Before them was a long stretch of road. Green tricycles lined up under big old mango trees wrapped in a rainbow, waiting to take passengers where they wanted to go. The drivers asked the lazy writer if she wanted to take a ride. No, thank you, she said. I’ll keep on walking. Clip-clop, went the happy feet past the tricycles-in-rainbow.

At last they came to their street. Close to the corner were two fighting-cock farms. Inside the red gate and the blue gate were many scratch pens of wood, like triangles set into the ground. There were also tall fly pens of wood and plastic mesh. There were many fighting cocks, crowing tik-ti-laok. The happy feet knew they were very near home. Clip-clop they went past the cockpits-in-city.

At last the happy feet were home! The lazy writer was happy too. She had taken baby steps to exercise and it wasn’t bad. It felt very good. And she saw a lot of interesting things along the way. She decided to take a walk more often. The happy feet were glad they got to do what they were made to do. And the toes wiggled and jiggled and wriggled for joy.

~ The End ~

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snake in the city

A large part of Makati with its glittering skyscrapers and airconditioned malls is considered the country’s central business district.

Yet in some areas of the city, agricultural activities in connection with sports and gaming are also pursued.

This gamefowl farm is located within the city, beside the Pasig River.

Since 1937, this area of Makati was  home to the Santa Ana Park racetrack  until operations were moved to Naic, Cavite, in January this year. The green-and-white structures beside the fighting cocks’ scratch pens used to be racehorse stables until just some weeks ago.

Marvin, keeper of the cocks, showed off a Philippine python that he caught one morning at the back of the pens.

The snake was caught while attempting to devour a huge rat. Placed in a small cage in the center of the fighting cocks’ training arena, kibitzers mulled over the snake’s fate.

The python looked sulky. Who wouldn’t be, interrupted in the middle of breakfast and cooped up in a cage? It was around five and a half feet long.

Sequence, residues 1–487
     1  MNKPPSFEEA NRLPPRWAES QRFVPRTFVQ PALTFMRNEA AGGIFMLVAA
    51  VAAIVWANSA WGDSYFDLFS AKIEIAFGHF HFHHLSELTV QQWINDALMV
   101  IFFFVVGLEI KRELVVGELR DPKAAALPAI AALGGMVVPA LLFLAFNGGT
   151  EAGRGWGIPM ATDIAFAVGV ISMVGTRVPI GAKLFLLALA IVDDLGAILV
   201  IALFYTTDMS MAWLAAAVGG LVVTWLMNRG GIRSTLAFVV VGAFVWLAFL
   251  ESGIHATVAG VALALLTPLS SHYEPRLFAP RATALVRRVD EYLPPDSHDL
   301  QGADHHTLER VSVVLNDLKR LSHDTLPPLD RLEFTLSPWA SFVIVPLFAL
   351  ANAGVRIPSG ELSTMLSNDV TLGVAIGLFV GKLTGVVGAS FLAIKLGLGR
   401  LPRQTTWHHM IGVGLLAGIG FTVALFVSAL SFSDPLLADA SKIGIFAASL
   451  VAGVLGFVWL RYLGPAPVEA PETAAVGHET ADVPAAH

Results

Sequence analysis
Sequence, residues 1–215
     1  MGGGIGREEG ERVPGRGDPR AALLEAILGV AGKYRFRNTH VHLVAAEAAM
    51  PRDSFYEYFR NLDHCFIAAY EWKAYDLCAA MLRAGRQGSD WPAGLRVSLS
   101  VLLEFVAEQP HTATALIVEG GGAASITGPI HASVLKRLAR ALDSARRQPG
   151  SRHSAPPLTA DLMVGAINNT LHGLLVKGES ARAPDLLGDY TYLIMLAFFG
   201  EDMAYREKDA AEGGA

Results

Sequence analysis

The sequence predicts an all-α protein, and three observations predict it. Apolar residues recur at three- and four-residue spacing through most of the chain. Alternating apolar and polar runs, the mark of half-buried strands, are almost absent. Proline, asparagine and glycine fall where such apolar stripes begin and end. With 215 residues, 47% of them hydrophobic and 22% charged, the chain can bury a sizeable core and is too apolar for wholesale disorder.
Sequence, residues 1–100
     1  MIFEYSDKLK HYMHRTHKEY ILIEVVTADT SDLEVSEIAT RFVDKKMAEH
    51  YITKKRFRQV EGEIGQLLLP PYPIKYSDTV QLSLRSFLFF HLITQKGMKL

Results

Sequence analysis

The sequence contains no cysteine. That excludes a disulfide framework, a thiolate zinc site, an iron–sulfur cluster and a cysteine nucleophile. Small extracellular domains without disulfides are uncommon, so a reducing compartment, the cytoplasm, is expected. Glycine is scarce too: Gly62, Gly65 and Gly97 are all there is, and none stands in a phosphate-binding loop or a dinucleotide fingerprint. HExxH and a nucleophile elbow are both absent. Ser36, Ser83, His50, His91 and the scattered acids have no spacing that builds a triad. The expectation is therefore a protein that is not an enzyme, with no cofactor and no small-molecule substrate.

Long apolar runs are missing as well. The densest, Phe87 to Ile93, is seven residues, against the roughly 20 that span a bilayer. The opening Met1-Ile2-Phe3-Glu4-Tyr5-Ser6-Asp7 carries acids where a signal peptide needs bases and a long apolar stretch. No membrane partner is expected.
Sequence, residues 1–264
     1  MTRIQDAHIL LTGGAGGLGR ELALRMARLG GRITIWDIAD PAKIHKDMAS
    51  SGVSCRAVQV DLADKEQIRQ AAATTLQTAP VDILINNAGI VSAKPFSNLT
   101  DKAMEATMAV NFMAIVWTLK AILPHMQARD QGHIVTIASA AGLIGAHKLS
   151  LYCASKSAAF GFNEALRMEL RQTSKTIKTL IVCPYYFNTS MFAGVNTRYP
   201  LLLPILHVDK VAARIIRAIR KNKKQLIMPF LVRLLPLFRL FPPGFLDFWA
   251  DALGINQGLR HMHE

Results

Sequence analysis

Equine veterinarian Dr. Rey Miranda (with cap, on bench) said the python is not poisonous but kills its prey by crushing. Onofre (with cap, standing) who works for a nearby office, said a bigger python, its body as thick around as his thigh, was found last month in the same area. Marvin decided he would sell the snake to a pet shop.

Our office is just five meters away. Could a snake find its way inside and hide under my desk?  The guys said, oh yes, it could. They were quite serious.

I looked at the Makati skyscrapers in the distance and thanked my guiding star that I don’t work in those boring buildings. I wouldn’t trade this excitement for anything.

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best tricks with favorite things

I spent a couple of hours at Starbucks (Yupangco Makati branch) waiting for my sister to finish lunch with friends. It was her last day in Manila; I was to take her to the airport in the late afternoon so she could catch a flight back to Dubai, where she has been based for the past ten years.

I had some of my favorite things with me to pass the time productively.

The coffee is a Double Tall Dark Cherry Mocha nonfat, no whip, one Splenda. (“Are you sure you still want the Splenda, ma’am? The syrup is very sweet…” I always add one Splenda when I take an extra espresso shot.) The caffeine jolt is necessary to jump-start my brain.